shape incentives and opportunitiesare a key determinant of the wealth or poverty of
nations.1 But they are just beginning to understand the process of institutional change. In
earlier work I surveyed recent developments that led to a consensus that the traditional
neoclassical model, because it abstracts from institutional change, leaves out the heart of
development economics (Hoff and Stiglitz 2001, Hoff 2001). This article surveys an
influential new research program on historical paths of institutional development and
their consequences for growth.
Much of the work discussed here is concerned with two puzzling facts about the former
European colonies (Engerman and Sokoloff 1997, 2002; Sokoloff and Engerman 2000;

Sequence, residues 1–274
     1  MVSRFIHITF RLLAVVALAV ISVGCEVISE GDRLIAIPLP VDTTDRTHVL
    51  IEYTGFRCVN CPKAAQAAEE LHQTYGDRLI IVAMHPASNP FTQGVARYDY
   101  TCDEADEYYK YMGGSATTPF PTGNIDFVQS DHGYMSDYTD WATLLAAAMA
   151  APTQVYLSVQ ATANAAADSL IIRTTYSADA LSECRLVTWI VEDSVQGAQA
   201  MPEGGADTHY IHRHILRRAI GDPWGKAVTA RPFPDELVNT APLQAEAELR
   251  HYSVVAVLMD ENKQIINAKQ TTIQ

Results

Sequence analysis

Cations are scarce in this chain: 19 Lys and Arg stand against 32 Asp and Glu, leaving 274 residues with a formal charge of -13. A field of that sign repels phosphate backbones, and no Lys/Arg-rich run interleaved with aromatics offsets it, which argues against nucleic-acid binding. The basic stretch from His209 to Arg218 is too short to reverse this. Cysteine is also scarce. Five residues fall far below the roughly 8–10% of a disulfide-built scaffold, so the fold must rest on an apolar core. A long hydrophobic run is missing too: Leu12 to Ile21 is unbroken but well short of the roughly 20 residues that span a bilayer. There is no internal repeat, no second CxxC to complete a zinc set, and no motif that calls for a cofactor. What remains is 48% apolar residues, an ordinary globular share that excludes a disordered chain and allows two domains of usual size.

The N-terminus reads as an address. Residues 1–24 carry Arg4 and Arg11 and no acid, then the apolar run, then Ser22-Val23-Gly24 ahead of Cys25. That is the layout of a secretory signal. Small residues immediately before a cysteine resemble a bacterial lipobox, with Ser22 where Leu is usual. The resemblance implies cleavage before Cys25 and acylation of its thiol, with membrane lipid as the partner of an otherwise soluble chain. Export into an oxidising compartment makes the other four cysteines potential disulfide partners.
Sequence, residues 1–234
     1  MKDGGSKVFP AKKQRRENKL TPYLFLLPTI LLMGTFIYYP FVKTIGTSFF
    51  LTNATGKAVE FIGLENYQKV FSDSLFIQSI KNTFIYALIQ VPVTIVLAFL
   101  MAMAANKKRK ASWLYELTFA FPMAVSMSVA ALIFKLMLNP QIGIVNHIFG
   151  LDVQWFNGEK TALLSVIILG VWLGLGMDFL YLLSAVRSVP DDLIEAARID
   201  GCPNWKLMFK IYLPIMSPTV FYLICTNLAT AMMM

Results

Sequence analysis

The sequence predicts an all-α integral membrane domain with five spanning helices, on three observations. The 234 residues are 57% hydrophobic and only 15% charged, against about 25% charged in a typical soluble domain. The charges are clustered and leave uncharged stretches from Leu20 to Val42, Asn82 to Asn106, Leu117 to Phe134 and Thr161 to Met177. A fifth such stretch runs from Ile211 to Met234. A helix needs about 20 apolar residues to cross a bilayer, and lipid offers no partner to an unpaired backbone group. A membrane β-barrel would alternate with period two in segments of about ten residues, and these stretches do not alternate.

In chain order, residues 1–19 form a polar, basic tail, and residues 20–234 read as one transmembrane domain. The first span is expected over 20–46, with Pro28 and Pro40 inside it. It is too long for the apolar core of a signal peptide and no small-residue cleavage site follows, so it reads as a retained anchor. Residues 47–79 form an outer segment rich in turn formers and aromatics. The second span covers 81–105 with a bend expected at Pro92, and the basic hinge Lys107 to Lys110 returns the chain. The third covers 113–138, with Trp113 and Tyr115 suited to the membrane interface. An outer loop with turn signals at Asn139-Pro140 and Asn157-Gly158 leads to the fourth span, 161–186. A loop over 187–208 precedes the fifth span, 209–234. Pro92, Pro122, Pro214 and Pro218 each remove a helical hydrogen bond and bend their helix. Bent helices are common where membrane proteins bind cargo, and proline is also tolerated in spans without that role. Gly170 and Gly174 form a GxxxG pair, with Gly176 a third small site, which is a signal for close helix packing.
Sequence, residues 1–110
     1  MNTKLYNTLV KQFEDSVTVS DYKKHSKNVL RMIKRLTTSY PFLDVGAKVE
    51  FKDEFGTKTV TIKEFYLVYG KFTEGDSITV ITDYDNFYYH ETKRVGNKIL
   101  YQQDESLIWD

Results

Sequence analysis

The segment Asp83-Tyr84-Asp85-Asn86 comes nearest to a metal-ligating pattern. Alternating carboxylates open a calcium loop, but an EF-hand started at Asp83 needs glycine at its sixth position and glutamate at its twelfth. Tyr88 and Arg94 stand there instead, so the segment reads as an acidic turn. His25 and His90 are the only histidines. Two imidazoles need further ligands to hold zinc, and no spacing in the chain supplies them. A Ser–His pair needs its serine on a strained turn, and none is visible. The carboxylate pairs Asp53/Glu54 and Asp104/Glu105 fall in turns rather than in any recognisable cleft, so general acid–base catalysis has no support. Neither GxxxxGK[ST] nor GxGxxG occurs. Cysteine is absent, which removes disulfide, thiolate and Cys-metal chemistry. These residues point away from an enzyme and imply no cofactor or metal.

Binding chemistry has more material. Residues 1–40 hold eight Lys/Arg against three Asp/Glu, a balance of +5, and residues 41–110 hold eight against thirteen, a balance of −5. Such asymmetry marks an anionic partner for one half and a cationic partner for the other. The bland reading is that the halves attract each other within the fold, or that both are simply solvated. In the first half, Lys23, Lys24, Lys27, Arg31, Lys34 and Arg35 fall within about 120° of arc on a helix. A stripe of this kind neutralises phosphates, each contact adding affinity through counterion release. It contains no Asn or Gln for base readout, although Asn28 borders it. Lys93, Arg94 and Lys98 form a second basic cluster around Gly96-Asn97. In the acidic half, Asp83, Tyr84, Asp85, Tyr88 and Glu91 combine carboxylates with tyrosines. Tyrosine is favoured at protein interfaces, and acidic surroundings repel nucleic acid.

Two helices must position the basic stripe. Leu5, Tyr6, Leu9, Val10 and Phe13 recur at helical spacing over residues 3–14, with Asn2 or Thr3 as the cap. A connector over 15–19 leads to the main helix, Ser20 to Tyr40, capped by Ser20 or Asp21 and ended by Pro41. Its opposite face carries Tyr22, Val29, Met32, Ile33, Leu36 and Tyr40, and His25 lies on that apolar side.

Acemoglu, Johnson, and Robinson 2002). First, many European colonies viewed by
forecasters and migrants of the time as offering the best prospects for wealth are among
the poorest countries in the world today. Second, the point in time when these colonies
fell behind was not during the early period of colonialism but at the onset of the Industrial
Revolution. In simplest terms, the thesis put forward persuasively in recent work is that
the factors that made these European colonies relatively wealthy in 1500, 1600, or 1700
also made possible a colonization strategy that created or perpetuated stark inequalities in
wealth and political powera strategy whose legacy is institutions that made these areas
ill-suited for modern economic growth.
In 1700, Mexico and the colonies that were to become the United States had a very
1 See, for example, North (1981, 1990) and Hall and Jones (1997). See World Bank (2001, 2002) for references to the vast literature.
similar per capita income (based on approximate estimates), and the sugar-producing